FIFPRO hosted a day-long session of UEFA’s Executive Master programme for more than 20 former professional footballers including Brazil’s Kaka, John O’Shea from Ireland and Cameroon’s Pierre Achille Webo.
FIFPRO General Secretary Jonas Baer-Hoffmann told ex-players about the history of player unions in supporting footballers. He set the scene by describing how England’s Professional Footballers Association (PFA) in the 1960s successfully challenged a salary cap, opening up a fairer relationship between clubs and players.
“It was a very long time ago and it does not seem not very relevant but it is” because the women’s game is still developing financially and men’s football does not have an efficient distribution of income from the multi-billion euro transfer market. The “trickle-down economics” model is not working well, Baer-Hoffmann said.
He told how FIFPRO is campaigning on issues such as fighting online abuse, pushing for better concussion protocol, seeking to reshape the match calendar and secure better governance in football’s small and medium-size domestic leagues.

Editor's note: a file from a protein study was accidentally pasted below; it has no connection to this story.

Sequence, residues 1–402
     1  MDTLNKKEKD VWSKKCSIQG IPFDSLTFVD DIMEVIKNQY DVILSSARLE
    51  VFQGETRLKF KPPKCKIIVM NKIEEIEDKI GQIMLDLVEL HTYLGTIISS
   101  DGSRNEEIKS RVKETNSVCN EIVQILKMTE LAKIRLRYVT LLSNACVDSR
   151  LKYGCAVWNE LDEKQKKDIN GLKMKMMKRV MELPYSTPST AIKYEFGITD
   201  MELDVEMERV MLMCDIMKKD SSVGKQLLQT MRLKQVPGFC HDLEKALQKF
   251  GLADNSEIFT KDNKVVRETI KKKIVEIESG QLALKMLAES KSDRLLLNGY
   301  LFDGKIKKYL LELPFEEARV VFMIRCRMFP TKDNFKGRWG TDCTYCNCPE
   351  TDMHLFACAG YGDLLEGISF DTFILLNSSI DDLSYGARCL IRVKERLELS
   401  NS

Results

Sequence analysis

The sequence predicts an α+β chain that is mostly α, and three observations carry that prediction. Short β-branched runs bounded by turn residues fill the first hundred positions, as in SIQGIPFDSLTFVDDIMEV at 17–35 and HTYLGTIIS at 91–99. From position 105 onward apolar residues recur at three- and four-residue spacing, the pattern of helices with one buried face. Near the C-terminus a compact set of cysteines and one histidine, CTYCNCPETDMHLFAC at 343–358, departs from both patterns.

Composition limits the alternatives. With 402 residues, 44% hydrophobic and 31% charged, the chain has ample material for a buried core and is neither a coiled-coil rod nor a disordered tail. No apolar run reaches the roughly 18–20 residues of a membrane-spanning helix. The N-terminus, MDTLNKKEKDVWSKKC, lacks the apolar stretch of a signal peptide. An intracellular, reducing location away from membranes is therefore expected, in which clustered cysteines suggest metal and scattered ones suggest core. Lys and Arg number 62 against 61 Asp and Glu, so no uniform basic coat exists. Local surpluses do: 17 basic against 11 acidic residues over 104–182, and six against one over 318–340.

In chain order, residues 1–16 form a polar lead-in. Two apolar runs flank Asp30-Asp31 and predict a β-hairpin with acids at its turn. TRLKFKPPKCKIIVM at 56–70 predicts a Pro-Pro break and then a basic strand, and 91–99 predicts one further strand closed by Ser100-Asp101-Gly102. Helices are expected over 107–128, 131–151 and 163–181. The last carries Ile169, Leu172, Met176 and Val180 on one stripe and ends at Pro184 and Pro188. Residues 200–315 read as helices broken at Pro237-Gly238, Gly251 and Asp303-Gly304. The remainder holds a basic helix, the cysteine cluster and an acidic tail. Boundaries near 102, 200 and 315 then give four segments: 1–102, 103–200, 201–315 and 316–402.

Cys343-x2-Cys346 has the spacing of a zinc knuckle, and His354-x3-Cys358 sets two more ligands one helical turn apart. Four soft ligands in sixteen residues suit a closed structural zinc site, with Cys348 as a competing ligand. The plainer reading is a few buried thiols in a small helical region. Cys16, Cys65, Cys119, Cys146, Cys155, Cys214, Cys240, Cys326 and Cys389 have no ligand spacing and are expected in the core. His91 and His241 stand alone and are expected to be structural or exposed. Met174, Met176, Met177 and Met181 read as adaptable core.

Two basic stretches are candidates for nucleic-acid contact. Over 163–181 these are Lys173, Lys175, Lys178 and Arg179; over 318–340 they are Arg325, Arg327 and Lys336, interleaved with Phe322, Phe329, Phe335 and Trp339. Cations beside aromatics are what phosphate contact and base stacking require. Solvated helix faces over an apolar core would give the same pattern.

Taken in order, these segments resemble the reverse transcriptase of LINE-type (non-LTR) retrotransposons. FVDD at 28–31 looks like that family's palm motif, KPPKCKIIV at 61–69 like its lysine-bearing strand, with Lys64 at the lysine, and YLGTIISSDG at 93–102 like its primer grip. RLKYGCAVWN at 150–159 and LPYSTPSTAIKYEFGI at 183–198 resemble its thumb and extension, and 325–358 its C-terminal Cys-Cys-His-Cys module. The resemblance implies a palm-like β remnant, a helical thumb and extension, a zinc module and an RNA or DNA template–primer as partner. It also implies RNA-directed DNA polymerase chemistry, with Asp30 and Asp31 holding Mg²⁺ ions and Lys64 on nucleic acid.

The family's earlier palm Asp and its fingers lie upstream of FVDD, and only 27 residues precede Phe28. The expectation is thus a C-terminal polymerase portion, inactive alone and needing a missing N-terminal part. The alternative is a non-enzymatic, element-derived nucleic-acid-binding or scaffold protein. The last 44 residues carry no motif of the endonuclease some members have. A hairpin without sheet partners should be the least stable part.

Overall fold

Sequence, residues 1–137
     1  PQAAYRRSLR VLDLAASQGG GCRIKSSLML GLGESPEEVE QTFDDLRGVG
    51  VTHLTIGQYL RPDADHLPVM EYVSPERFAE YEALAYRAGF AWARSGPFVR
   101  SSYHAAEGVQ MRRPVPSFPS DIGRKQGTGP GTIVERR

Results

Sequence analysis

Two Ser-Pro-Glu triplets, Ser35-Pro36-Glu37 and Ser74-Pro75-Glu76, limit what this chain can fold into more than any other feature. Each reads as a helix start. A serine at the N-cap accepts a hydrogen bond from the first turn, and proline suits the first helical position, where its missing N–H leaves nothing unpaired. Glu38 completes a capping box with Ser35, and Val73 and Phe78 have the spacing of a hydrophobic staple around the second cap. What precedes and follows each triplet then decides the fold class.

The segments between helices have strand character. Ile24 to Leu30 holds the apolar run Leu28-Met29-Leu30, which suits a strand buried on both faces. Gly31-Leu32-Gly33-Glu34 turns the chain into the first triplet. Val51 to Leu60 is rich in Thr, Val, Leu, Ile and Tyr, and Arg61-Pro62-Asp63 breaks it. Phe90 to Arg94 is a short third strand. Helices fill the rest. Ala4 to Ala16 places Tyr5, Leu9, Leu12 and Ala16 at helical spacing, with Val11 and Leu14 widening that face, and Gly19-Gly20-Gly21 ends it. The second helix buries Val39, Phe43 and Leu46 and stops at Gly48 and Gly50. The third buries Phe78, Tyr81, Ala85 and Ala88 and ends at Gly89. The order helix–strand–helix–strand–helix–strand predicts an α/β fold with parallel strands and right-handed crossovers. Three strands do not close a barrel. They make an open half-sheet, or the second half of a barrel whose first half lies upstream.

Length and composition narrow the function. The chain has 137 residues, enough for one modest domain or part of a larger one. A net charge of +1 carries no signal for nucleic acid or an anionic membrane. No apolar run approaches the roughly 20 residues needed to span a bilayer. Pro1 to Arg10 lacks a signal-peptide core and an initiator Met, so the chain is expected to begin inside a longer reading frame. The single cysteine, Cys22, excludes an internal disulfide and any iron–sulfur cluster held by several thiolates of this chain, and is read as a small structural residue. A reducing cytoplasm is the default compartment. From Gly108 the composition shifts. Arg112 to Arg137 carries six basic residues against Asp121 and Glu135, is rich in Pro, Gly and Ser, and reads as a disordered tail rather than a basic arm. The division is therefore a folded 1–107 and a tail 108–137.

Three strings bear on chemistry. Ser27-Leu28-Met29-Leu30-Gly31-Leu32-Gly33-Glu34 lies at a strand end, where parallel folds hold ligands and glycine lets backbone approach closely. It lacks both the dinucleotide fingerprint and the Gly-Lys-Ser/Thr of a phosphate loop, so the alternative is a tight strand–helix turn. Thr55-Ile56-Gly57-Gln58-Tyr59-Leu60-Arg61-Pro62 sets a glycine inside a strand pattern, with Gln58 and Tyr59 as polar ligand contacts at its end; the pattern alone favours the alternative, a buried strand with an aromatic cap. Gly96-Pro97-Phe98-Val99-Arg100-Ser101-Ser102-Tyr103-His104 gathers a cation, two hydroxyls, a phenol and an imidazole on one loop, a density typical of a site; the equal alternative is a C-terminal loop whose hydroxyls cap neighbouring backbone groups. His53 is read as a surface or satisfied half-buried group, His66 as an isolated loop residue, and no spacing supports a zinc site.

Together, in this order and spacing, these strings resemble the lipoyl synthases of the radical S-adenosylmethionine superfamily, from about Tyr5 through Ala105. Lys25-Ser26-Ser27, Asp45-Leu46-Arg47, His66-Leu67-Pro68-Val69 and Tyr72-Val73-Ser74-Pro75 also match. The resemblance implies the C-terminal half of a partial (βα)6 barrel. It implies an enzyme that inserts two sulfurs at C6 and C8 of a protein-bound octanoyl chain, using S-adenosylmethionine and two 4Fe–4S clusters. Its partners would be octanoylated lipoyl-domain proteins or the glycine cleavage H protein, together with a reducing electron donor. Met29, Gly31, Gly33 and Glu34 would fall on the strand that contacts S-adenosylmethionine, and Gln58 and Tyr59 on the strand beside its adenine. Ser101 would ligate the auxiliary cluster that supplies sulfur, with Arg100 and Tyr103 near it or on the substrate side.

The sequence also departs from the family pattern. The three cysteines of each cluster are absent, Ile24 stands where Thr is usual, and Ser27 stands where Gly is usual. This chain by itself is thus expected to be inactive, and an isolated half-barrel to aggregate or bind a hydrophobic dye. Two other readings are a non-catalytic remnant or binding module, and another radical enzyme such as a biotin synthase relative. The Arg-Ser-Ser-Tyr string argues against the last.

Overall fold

A day earlier at Zandvoort racetrack, Sarah Gregorius, FIFPRO’s Director of Global Policy & Strategic Relations for Women’s Football, addressed the ex-players including new Norway football association president Lise Klaveness.
Gregorius spoke of the importance of collecting data specific to women’s football to identify problems and solutions for players, citing the recent workload report published by FIFPRO.
Baer-Hoffmann encouraged more former players to join the union network and was joined on stage by Evgeniy Levchenko, who played in the Netherlands for 15 years for clubs including Vitesse Arnhem and Groningen before becoming president of the Dutch union VVCS.
He also had stints in his native Ukraine, Russia and in Australia.
“After my career I spent six months trying to find a purpose in my life – I worked as a match pundit, drove cars fast and jumped out of a plane with a parachute,” Levchenko said. “That was all good but I wanted to do something for players, I couldn’t stand that often players were not treated right.”
Former Manchester United defender O’Shea is participating in the UEFA programme to complement studying for coaching qualifications. Although he was familiar with the PFA’s work, having been the team representative when at Sunderland, he said he did not know about the wide scope of work that FIFPRO undertakes.
“As a player you don’t understand the details of all the unions combined, you don’t see everything that is going on,” O’Shea said. “FIFPRO does some impressive work.”
After discussing the role of the unions, the focus of the session switched to the transfer market, exploring the landscape from the perspective of players, agents and clubs. Other speakers included FIFPRO legal director Roy Vermeer, former FIFA executive Omar Ongaro and Mario Flores Chemor, head of legal at the European Club Association.